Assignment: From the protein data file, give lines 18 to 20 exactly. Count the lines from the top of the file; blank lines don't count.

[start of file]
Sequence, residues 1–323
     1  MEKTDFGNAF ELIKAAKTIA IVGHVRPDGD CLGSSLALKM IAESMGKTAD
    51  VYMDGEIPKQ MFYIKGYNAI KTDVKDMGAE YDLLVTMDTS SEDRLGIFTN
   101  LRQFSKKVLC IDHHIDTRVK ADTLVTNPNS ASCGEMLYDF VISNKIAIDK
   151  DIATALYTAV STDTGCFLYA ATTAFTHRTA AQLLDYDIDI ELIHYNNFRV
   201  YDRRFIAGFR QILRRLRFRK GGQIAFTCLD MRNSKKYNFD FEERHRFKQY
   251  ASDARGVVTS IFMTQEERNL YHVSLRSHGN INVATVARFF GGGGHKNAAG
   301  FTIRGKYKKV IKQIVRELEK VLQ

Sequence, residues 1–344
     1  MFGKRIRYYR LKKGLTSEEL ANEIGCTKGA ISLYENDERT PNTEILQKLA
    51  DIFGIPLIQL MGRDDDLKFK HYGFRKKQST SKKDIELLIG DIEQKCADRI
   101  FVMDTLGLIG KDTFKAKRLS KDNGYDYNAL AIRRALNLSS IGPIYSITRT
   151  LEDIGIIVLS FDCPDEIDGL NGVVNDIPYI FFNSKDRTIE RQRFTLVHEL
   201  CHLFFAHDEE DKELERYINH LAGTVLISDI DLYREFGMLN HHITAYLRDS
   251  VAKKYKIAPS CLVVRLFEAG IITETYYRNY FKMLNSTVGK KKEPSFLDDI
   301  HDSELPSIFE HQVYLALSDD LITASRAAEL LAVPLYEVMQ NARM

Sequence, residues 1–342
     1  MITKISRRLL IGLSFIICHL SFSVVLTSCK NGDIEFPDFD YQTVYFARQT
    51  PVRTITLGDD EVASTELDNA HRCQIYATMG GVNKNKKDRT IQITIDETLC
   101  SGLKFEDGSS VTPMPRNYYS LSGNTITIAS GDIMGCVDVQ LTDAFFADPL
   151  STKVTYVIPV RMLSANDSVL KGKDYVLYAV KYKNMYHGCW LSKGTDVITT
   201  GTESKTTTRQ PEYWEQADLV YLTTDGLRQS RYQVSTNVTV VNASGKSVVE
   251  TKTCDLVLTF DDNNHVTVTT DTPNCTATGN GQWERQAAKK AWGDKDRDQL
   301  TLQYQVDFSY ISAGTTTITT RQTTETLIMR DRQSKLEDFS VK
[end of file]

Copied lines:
     1  MITKISRRLL IGLSFIICHL SFSVVLTSCK NGDIEFPDFD YQTVYFARQT
    51  PVRTITLGDD EVASTELDNA HRCQIYATMG GVNKNKKDRT IQITIDETLC
   101  SGLKFEDGSS VTPMPRNYYS LSGNTITIAS GDIMGCVDVQ LTDAFFADPL